Transcriptome-wide approach to address lower seed protein content in soybean grown in Western Canada


Julia Hooker, Elroy Cober, Ashkan Golshani, Bahram Samanfar: DTranscriptome-wide approach to address lower seed protein content in soybean grown in Western Canada, Canadian Society of Plant Biologists(CSPB-SCBV) eastern meeting, 2021 Canada.


Soybean is an important agronomic crop in Canada with widespread uses in human consumption, animal feed, and biotechnology. The capacity to fix nitrogen gives soybean an important role in sustainable agricultural practices by reducing the need for nitrogen fertilizers. Adapting Canadian soybean agriculture to changing climate conditions is necessary to produce an adequate crop yield with acceptable levels of seed protein. The Canadian Grain Commission has reported lower seed protein from soybeans grown in western Canada compared to eastern Canada, regardless of genotype. This project will uncover key genes underlying differences in seed protein content across Canada.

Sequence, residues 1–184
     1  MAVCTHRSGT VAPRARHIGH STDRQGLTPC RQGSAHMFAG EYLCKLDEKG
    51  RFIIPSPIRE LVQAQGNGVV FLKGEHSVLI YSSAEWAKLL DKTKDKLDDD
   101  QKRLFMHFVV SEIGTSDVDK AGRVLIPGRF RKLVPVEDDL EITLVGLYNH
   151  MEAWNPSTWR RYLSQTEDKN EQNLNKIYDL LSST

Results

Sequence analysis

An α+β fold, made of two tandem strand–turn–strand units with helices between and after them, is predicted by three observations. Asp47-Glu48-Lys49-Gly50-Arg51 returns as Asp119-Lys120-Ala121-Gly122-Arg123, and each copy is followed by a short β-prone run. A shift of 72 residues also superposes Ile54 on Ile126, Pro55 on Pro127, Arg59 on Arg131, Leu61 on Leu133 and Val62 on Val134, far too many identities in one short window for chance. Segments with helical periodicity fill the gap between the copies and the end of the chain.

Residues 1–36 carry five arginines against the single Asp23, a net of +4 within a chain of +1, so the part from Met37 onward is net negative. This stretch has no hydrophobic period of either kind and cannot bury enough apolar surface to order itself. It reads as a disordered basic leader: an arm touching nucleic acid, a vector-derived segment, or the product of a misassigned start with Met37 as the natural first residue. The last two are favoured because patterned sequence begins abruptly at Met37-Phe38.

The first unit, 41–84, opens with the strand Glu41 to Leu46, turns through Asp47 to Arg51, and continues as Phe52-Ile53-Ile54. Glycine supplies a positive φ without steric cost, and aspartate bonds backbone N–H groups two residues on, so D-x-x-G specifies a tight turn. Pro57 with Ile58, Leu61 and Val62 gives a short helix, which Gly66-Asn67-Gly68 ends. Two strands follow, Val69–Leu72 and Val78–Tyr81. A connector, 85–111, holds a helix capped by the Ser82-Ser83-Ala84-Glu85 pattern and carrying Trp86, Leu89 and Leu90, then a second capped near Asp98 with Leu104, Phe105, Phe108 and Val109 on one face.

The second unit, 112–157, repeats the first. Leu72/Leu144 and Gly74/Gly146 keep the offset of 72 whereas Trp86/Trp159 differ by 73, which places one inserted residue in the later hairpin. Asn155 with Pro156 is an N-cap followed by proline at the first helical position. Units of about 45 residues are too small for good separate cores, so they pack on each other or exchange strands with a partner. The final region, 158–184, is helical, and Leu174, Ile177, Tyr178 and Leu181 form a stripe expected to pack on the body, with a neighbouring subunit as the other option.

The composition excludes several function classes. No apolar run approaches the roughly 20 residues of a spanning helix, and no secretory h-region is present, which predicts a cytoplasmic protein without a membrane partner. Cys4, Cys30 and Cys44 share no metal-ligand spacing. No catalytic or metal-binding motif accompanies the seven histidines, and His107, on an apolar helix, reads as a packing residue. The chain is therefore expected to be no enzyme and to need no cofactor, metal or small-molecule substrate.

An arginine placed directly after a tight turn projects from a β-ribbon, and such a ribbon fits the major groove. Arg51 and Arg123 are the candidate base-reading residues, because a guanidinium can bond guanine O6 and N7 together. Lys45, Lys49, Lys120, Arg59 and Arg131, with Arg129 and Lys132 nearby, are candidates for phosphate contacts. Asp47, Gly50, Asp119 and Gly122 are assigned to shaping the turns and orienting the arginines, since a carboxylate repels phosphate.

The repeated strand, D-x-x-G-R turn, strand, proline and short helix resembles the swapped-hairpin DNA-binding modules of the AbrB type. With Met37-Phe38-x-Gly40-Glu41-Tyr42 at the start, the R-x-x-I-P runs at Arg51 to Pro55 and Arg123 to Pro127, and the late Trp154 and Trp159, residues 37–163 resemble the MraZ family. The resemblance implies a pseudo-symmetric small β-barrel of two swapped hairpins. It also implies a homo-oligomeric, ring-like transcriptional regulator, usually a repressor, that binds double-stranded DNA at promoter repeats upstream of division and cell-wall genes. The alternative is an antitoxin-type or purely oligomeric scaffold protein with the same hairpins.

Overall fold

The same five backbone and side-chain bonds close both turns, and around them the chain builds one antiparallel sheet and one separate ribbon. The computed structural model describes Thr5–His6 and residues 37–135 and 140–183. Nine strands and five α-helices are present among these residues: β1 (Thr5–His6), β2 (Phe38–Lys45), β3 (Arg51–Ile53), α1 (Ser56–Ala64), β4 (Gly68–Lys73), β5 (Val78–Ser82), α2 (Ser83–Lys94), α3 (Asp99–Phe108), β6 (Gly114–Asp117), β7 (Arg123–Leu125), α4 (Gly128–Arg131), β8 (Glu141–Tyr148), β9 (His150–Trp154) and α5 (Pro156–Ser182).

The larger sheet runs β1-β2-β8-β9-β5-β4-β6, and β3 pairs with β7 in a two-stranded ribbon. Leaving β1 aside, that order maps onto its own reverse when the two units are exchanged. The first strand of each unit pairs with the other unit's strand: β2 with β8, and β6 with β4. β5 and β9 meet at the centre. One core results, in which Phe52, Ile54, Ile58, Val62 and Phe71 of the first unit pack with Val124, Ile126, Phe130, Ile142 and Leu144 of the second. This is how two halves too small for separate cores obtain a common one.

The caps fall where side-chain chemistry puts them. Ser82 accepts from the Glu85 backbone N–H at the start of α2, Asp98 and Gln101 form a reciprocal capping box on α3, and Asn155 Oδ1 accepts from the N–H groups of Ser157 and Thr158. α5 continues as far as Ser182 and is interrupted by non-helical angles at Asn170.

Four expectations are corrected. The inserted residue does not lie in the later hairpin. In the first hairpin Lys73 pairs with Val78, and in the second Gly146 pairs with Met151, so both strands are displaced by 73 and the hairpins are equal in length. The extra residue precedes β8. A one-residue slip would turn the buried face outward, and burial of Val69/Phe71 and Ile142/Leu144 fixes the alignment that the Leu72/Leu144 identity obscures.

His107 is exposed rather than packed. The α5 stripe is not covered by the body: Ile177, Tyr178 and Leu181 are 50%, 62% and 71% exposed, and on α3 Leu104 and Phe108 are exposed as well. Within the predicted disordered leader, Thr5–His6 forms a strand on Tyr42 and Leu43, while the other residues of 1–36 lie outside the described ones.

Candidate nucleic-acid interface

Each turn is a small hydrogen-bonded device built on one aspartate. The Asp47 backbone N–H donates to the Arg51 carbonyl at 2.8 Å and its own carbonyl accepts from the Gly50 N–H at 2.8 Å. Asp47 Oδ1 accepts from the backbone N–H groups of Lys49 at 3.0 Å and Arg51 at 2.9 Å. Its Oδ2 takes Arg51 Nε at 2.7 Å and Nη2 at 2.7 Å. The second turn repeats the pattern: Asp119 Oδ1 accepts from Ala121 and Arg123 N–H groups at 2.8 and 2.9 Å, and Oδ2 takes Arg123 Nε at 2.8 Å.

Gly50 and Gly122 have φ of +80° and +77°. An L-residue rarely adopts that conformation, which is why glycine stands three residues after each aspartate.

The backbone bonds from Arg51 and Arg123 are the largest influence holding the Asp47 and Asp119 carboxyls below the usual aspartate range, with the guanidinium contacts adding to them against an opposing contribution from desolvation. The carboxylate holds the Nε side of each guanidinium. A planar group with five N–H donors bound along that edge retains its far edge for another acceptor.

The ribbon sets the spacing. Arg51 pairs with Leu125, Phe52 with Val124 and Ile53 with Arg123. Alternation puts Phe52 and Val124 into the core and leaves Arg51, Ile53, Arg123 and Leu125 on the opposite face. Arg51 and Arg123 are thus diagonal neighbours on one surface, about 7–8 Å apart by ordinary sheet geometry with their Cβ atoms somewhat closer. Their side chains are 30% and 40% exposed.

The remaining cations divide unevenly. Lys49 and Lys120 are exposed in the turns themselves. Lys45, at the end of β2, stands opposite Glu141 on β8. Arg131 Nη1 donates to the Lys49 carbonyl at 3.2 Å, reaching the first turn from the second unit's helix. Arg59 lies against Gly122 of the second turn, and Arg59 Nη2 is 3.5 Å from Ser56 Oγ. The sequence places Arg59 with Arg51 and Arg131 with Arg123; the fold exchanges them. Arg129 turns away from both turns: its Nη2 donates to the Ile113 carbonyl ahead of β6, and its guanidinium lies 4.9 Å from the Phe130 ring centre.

Using a transcriptome-wide approach, we identify differences in expression of genes contributing to seed protein content, and to study the effect of environmental variation on geographically-dependent gene expression (West vs East). Three groups of genes are being investigated; seed protein and oil biosynthesis genes, stress response genes, and genes that code for regulatory proteins capable of influencing gene expression. Ten soybean lines ranging low to high in seed protein are growing in four locations across western and eastern Canada from 2018-2021. RNA sequencing is used to establish a large, high-quality expression library for all samples across all years. Differential expression used together with gene ontology and novel transcript discovery are key bioinformatic tools for determining candidate genes. Results to date have identified potential candidate genes underlying the differences in seed protein and oil content. This research offers novel information for geographically-tailoring Canadian soybean and developing allele-specific markers to breed high protein soybean cultivars.

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